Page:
The Home Front During World War I
The Home Front
The federal government took several steps to fund the war and conserve resources. First, Congress raised taxes, bringing in added revenue of about $10 billion. Second, the government sold war bonds and persuaded Americans, through advertising, that it was their patriotic duty to buy them. A war bond is, in effect, a loan from a citizen to the government. The citizen gives the government, say, $10 in exchange for a bond—a slip of paper with a $10 face value. The purchaser can redeem the bond later for the face value plus what- ever interest has accumulated. The longer the purchaser holds the bond, the more money it will be worth when redeemed.
The newly created Food and Fuel Administrations regulated the production and supply of crops and coal. Americans began growing their own vegetables in what were called “victory gardens.” People went without meat on certain days of the week, without bread on others. The Fuel Administration promoted “heatless Mondays” so that people would conserve fuel on at least one day of the week.
The War Industries Board began regulating steel and other major industries, setting their prices and production levels. Many business owners loudly objected to this interference with free enterprise. However, they grew quiet when their profits soared.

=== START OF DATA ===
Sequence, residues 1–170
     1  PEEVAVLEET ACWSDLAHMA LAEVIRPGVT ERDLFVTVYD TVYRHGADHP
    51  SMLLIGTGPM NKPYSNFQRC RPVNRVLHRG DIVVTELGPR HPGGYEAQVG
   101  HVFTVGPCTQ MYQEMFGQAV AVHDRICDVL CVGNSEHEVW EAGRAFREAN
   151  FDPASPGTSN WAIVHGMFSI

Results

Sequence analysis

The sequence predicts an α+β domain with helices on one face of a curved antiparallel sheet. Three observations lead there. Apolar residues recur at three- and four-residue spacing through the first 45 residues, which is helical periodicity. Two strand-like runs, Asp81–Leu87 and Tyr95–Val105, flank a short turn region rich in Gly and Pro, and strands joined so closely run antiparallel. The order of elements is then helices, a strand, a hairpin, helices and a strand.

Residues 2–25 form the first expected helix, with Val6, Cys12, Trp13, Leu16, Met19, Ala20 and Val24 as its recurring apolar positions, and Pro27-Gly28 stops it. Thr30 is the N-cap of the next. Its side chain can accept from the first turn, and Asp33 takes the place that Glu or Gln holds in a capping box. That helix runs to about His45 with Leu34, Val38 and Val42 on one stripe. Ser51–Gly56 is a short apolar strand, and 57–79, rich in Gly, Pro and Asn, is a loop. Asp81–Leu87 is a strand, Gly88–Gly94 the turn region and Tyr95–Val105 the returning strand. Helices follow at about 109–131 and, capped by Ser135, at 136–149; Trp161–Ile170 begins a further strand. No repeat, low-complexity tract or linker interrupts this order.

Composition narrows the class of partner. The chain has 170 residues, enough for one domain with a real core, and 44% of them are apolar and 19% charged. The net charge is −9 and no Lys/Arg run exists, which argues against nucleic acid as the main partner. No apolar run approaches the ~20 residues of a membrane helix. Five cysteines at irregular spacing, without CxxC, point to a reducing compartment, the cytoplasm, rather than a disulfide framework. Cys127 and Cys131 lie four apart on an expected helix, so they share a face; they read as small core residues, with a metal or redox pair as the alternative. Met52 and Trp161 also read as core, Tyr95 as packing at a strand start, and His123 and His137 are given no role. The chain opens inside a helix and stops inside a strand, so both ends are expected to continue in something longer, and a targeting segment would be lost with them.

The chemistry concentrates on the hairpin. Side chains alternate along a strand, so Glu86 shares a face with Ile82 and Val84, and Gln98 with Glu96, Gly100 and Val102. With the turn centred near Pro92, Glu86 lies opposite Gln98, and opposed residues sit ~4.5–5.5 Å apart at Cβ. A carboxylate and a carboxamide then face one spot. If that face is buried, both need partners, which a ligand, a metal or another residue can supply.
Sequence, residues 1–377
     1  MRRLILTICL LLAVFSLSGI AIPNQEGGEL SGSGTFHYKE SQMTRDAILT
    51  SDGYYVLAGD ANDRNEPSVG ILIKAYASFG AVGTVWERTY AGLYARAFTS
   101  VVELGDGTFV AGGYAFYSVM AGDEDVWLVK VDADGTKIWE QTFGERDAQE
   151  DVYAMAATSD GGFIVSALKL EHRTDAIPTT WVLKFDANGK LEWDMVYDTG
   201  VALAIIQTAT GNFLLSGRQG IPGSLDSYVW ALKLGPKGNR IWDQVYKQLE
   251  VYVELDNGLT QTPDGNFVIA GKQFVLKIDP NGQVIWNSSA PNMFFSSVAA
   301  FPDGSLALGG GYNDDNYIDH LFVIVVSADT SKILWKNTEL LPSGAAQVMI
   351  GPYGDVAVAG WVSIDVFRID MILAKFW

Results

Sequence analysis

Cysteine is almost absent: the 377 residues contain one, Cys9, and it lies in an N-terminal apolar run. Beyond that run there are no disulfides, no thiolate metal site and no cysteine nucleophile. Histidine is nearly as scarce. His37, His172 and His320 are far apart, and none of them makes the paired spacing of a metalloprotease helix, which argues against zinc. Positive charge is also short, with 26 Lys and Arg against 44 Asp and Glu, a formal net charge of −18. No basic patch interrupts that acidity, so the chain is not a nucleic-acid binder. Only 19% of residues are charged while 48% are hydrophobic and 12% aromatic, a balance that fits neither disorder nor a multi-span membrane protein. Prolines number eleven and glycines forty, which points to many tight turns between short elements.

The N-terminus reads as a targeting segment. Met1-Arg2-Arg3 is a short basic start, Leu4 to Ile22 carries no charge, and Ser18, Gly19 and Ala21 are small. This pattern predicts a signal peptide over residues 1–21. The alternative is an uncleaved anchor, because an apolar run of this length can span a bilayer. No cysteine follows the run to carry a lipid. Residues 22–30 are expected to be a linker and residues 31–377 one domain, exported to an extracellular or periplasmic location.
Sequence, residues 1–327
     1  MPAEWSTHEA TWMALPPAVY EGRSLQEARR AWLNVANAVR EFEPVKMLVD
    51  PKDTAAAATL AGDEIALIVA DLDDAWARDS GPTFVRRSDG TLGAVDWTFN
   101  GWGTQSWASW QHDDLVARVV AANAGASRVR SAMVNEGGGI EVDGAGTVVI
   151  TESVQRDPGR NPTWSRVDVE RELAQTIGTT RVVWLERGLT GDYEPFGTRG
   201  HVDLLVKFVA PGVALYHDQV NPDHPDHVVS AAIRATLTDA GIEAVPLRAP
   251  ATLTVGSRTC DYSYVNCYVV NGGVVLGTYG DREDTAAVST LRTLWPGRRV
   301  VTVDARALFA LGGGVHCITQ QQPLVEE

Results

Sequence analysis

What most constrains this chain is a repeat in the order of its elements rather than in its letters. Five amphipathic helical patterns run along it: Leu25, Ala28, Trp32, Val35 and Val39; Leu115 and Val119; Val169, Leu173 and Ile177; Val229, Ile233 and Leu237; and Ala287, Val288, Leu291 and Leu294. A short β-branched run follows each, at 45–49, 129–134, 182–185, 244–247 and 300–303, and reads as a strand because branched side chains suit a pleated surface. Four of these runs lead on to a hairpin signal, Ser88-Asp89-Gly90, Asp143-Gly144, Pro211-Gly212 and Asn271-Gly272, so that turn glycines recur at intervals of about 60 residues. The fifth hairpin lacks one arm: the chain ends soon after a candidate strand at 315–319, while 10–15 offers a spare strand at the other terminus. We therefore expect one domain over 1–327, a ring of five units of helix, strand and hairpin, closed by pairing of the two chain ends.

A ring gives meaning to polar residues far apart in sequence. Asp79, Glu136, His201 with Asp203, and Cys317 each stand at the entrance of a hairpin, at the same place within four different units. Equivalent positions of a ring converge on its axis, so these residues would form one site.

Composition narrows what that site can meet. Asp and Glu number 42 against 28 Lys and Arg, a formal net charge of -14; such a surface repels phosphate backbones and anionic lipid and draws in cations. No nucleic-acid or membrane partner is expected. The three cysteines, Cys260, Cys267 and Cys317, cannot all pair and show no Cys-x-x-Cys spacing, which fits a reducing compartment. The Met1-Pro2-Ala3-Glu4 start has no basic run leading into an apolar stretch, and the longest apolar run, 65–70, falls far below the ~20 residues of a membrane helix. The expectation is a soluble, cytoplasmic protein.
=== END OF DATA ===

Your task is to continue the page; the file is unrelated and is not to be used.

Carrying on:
The National War Labor Board arbitrated disputes between workers and management. In keeping with the reforming spirit of the Progressive Era, the board usually decided in favor of the workers. Union membership rose to unprecedented levels. Since so many men had left their jobs to join the army or navy, thousands of women took their place in a variety of jobs from brick- layer to teamster.
African Americans also took advantage of the new opportunities. Between about 1915 and 1930, hundreds of thousands of them moved from the segregated South to the North, where they hoped to find well-paid jobs and a respite from racial discrimination. This movement is known to history as the Great Migration. They soon found that there was no lack of racism in the North; still, they were able to earn more money in a less oppressive atmosphere.
Many people felt that the United States was manipulating the poor and the workers to fight a war that would benefit no one. The Socialist Party, led by Eugene Debs, was especially active against the war. So were the Indus- trial Workers of the World, the Quakers, and other organizations. Labor strikes organized specifically to protest the war drove Congress to pass the Espionage and Sedition Acts, which made it illegal to “utter, print, write, or publish any disloyal or abusive language” about the government, the American flag, or the military. Although these acts clearly violated the First Amendment, hundreds of people were convicted and sent to prison for speaking out.
Practice questions for these concepts can be found at:
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